Year-over-year production was flat for Magnum Hunter Resources Corp. in the second quarter as it continued transitioning to an Appalachian pure-play, making progress on its first Utica Shale well in West Virginia and blocking up its acreage position with acquisitions in the basin.
Through the first six months of the year, Magnum has divested several noncore assets in Canada, South Texas and West Virginia, netting more than $100 million (seeShale Daily, April 22).
On Friday, the company finally addressed months of speculation about its Williston Basin assets. Although it stopped short of providing any great detail, management said that it “has made a strategic decision to monetize its Divide County, ND, operated and nonoperated properties and reallocate these financial resources to its core operations in the Appalachian Basin.”
The move is no surprise, considering that Magnum has already picked up more than 16,000 net acres in the Marcellus and Utica shales this year (see Shale Daily, July 25). In 2013, the company closed on $700 million in noncore divestitures, including the sale of its Eagle Ford Shale assets to Penn Virginia Corp. for $401 million (see Shale Daily, April 4, 2013).
Although production in the second quarter was mostly flat, dropping to 15,923 boe/d from 15,941 boe/d in 2Q2013, adjusted production, which includes assets it sold off, was up 18% in 2Q2014 to 17,822 boe/d from 17,814 boe/d in the year-ago period.
“The financial numbers reported today continue to reflect the changes being made in our business model with much greater emphasis being focused on our Appalachian assets,” said CEO Gary Evans . “This redirection will continue throughout the year as we are successful at divesting all other properties to focus on our substantial leasehold position in the Marcellus and Utica shale plays.”
While the company spent heavily on its Appalachian assets last quarter, which in part led to a net loss of $80 million (43 cents/share), compared to net income of $151.3 million (89 cents/share) in 2Q2013, it did earn more revenue on oil and gas volumes. Magnum’s average price for its oil, natural gas and natural gas liquids was $53.96/boe, up from $51.10/boe in the year-ago period.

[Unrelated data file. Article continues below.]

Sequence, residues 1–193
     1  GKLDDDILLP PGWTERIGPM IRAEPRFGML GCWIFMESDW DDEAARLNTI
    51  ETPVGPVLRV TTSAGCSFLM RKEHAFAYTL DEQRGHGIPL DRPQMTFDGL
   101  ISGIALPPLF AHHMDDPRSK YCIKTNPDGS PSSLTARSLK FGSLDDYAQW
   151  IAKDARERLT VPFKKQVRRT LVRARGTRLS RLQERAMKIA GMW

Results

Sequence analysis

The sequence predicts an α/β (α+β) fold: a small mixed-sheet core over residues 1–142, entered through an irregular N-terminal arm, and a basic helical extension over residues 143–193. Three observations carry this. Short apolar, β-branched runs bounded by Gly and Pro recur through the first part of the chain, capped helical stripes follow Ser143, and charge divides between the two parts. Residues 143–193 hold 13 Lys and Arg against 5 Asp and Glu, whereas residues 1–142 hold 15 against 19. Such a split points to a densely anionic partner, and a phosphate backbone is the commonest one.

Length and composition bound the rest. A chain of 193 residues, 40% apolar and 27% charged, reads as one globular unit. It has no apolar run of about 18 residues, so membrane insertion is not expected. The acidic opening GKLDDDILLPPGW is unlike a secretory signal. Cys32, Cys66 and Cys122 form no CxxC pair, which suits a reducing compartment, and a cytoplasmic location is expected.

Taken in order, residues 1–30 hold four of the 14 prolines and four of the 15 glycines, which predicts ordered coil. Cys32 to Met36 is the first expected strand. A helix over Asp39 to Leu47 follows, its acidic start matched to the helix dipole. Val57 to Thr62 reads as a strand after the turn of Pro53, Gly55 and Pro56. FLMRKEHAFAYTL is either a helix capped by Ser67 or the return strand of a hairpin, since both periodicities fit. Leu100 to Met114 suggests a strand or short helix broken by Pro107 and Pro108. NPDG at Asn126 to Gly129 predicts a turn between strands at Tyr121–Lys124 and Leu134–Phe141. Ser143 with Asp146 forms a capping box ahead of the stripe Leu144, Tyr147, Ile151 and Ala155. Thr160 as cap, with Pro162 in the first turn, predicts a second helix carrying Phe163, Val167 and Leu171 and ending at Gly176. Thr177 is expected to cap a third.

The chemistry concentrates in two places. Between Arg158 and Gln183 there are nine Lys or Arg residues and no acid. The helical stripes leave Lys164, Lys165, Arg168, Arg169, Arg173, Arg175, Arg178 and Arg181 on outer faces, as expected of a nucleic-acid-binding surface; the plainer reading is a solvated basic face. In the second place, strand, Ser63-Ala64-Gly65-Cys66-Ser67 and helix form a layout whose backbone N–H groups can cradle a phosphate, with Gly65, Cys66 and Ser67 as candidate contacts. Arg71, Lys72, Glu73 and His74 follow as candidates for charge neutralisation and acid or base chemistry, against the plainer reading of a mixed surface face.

Also last quarter, the company made progress on its long-awaited Utica Shale well in Tyler County, WV, the Stewart Winland 1300 (see Shale Daily, May 16). That well is relatively close to the company’s Stalder 3UH in Monroe County, OH, which it tested in February at 32.5 MMcf/d (see Shale Daily, Feb. 14).
The company said it has finished drilling and casing the well to a vertical depth of 11,050 feet and a horizontal length of 5,500 feet. The well was completed and stimulated with 22 hydraulic fracturing stages. Magnum said the well is currently resting and an initial production rate will be released in September.
“The wireline logging data confirmed the Point Pleasant target formation from the Stewart Winland 1300 pad location contains hydrocarbons and appears to possibly have even more bottom hole pressure than the Stalder 3UH,” the company said in its earnings release.
Magnum completed five wells in the Marcellus and Utica shales last quarter and participated in 13 nonoperated wells and the completion of another six in the Williston Basin. Magnum said Friday that it will continue to purchase land in the Appalachian Basin.
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